You can still ge pre-ban magazines that are high capacity, and they are legal in NYS.

    Best


    IIRC the flash hider is not legal even if pinned on... pinned brakes are ok...
  • Myloadedmemory11Myloadedmemory11 Member Posts: 15 ✭✭
    edited November -1
    Spikes Tactical does sell fully assembled guns on their web page. Pirce they advertise is $1200+ I imagine MSRP with no add-ons.

    I asked the seller if it was NY state legal since he was in New York state the response I received was - The stock has to be pinned, the muzzle break pinned and welded.

    I am guess that is the muzzle is welded to the upper receiver. What is the muzzle break pinned mean?

    The magazine thing I understand that is pretty clear unlike everything else.
  • vicg1vicg1 Member Posts: 1,033 ✭✭✭✭✭
    edited November -1
    quote:Originally posted by Myloadedmemory11
    Spikes Tactical does sell fully assembled guns on their web page. Pirce they advertise is $1200+ I imagine MSRP with no add-ons.

    I asked the seller if it was NY state legal since he was in New York state the response I received was - The stock has to be pinned, the muzzle break pinned and welded.

    I am guess that is the muzzle is welded to the upper receiver. What is the muzzle break pinned mean?

    The magazine thing I understand that is pretty clear unlike everything else.


    A muzzle break is not the same as a flash hider. TSR said flash hider, which would not be legal.

    Welding or blind pinning a brake on would be legal. Blind pinning is drilling thru the brake, inserting a pin, and covering the hole with a weld... keeps it from being able to be removed easily.
  • tsr1965tsr1965 Member Posts: 8,682 ✭✭
    edited November -1
    quote:Originally posted by vicg1
    quote:Originally posted by Myloadedmemory11
    Spikes Tactical does sell fully assembled guns on their web page. Pirce they advertise is $1200+ I imagine MSRP with no add-ons.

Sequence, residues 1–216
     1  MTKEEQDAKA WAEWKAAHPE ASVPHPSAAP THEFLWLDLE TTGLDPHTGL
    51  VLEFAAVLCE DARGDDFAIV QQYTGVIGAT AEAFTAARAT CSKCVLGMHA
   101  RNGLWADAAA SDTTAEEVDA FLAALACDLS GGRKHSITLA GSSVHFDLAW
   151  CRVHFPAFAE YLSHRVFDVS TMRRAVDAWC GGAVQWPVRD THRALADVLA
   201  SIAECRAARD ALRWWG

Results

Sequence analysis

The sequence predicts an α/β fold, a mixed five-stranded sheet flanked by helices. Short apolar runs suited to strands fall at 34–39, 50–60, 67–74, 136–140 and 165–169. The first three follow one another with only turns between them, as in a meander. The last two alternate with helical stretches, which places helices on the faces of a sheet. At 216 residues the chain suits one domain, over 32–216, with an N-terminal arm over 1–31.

I asked the seller if it was NY state legal since he was in New York state the response I received was - The stock has to be pinned, the muzzle break pinned and welded.

    I am guess that is the muzzle is welded to the upper receiver. What is the muzzle break pinned mean?

    The magazine thing I understand that is pretty clear unlike everything else.


    A muzzle break is not the same as a flash hider. TSR said flash hider, which would not be legal.

    Welding or blind pinning a brake on would be legal. Blind pinning is drilling thru the brake, inserting a pin, and covering the hole with a weld... keeps it from being able to be removed easily.



    Blind pinning does not mean cover anything with weld. It means drill the pin hole partially thru, so the pin can not be pushed out. It does not matter what the device is, a break, flashider, or a simple thread protector, it can't be removable. I had to have the threaded muzzle on my GAP-10, covered with a chemically bonded muzzle nut. The cover with weld is for looks only. How would you go about blind pinning a retractable stock? I have seen breaks, that were called breaks, that look like flash hider's too...it all depends on what you, or the arresting officer calls it.


    Myloadedmemory11,

    If you buy anything new, you will not be able to have a collapsable stock, or anything but a pinned or welded break, and no high capacity mags in NY, unless they are pre-ban. I live in Wayne, county by the way.

    The best thing to do, is forget about NEW, and get a like new preban.

    Best
  • vicg1vicg1 Member Posts: 1,033 ✭✭✭✭✭